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Barbara Langland-Orban, PhD, John T. Large, PhD, Etienne E. Pracht, PhD from the University of South Florida (USF) conducted a study on red light cameras in 2008. They updated their study in 2011. Langland-Orban, et. al. found that red light cameras (RLC) increase the number of accidents at intersections by 28%.
The 2008 study found:
“Rather than improving motorist safety, red-light cameras significantly increase crashes and are a ticket to higher auto insurance premiums, researchers at the University of South Florida College of Public Health conclude. The effective remedy to red-light running uses engineering solutions to improve intersection safety, which is particularly important to Florida’s elderly drivers, the researchers recommend.
Instead, they increase crashes and injuries as drivers attempt to abruptly stop at camera intersections. If used in Florida, cameras could potentially create even worse outcomes due to the state’s high percent of elderly who are more likely to be injured or killed when a crash occurs.”
“The rigorous studies clearly show red-light cameras don’t work,” said lead author Barbara Langland-Orban, professor and chair of health policy and management at the USF College of Public Health.
The 2011 study update states:
“It is important for the public at large and federal, state, and local officials to understand that motor vehicle safety is advanced through evidence-based methods. Attempts to generate revenue through traffic citations are directly contrary to public safety since infractions are increased by improper roadway engineering, creating hazards and expense for the public.”
The 2011 study update indicates that the media is complicit in promoting the positives of red light cameras and ignoring negatives. The 2011 study update noted:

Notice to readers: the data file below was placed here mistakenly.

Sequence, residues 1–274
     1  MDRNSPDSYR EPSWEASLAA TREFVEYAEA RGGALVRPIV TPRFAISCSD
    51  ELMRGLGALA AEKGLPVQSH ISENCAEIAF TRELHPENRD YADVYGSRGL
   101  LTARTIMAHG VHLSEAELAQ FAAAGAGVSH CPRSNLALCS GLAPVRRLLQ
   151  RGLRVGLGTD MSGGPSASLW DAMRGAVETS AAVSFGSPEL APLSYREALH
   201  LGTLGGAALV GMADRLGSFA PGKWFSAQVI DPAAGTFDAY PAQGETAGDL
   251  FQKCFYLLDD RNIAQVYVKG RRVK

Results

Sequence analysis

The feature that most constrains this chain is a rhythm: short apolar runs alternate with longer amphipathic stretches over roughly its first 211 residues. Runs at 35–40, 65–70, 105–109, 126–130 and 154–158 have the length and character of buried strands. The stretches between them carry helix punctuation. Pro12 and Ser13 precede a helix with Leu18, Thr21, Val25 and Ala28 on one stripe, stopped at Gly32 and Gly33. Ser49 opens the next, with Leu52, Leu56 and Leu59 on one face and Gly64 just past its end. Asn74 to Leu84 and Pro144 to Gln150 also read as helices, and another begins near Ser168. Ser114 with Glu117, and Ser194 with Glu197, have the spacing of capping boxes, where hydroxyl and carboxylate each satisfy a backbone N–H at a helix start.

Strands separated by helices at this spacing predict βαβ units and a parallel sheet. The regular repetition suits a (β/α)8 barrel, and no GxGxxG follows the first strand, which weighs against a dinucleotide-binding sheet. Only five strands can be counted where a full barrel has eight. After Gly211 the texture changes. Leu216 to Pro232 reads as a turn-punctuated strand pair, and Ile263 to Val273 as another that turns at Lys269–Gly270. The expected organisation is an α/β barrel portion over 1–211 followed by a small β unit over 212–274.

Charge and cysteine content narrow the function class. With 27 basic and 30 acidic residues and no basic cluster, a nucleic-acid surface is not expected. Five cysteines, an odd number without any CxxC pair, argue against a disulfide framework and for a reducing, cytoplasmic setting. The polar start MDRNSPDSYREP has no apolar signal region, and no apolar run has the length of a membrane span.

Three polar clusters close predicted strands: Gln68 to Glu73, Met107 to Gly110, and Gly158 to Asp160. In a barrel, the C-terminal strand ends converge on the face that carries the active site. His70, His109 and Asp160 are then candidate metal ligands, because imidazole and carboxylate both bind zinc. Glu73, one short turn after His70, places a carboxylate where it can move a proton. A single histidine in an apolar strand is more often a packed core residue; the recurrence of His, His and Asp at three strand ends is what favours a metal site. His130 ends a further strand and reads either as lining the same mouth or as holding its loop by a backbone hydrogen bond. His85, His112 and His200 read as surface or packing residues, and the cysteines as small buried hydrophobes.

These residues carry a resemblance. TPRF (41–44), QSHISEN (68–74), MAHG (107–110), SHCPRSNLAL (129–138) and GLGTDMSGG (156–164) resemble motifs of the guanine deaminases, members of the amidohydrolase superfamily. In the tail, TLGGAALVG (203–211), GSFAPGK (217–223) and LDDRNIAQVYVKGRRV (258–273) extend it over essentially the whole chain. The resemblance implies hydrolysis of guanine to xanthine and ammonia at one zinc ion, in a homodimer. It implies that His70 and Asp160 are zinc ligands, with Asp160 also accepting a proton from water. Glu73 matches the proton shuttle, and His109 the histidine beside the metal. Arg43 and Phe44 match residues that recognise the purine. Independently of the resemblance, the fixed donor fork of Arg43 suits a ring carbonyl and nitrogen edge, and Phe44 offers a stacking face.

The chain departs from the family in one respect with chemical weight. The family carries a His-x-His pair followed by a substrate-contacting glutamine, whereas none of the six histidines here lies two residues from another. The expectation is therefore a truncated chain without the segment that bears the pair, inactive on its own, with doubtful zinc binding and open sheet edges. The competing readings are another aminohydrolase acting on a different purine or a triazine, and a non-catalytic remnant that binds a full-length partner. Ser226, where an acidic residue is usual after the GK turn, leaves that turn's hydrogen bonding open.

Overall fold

“One journal reporter, who requested anonymity, revealed that the media can be a source of misinformation on RLCs. She disclosed that special interests that profit from cameras have threatened to reduce or withdraw their advertising revenues if the news is not reported that RLCs provide a safety benefit. The reporter explained that with such threats, journalistic ethics permit an editor to report the advertiser’s perspective if also disclosing the contrary assessment that RLCs pose a safety threat, leaving readers to form their own conclusion. However, she explained that not all editors abide by this principle, which is compounded by the many controversies surrounding RLCs. For example, a Florida newspaper reported that their local poll found support for RLCs. The second half of the article mentioned some of the concerns about RLCs, which included using them to generate revenue, failing to save lives, failing to significantly reduce crashes, and increasing rear-end crashes (Thalji, 2010).”
Cities and counties install red light cameras as a “hidden tax” on motorists. RLCs are a new revenue stream for government and those companies that produce RLCs according to the study:
Comprehensive studies from North Carolina, Virginia, and Ontario have all reported cameras are significantly associated with increases in crashes, as well as crashes involving injuries. The study by the Virginia Transportation Research Council also found that cameras were linked to increased crash costs.
Some studies that conclude cameras reduced crashes or injuries contained major “research design flaws,” such as incomplete data or inadequate analyses, and were conducted by researchers with links to the Insurance Institute for Highway Safety. The IIHS, funded by automobile insurance companies, is the leading advocate for red-light cameras.
The Florida legislature is considering HB 4011 which would repeal the use of red light cameras in the state.
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